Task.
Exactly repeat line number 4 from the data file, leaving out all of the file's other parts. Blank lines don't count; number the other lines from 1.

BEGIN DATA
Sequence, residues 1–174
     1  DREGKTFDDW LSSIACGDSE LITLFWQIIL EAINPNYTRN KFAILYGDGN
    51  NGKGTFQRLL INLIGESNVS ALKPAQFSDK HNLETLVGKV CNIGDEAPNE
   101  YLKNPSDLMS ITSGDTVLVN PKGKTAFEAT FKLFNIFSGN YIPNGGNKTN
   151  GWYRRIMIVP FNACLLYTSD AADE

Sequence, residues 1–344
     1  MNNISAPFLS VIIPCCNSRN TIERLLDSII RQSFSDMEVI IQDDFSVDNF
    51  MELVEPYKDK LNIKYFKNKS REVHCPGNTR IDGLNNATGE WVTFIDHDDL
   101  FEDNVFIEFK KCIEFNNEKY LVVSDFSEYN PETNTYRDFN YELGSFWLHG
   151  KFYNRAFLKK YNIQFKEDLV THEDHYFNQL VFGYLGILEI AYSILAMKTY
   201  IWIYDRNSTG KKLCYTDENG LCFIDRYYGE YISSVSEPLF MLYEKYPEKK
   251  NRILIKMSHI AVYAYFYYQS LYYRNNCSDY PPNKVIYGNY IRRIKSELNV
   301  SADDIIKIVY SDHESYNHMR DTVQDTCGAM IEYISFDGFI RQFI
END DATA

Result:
   101  YLKNPSDLMS ITSGDTVLVN PKGKTAFEAT FKLFNIFSGN YIPNGGNKTN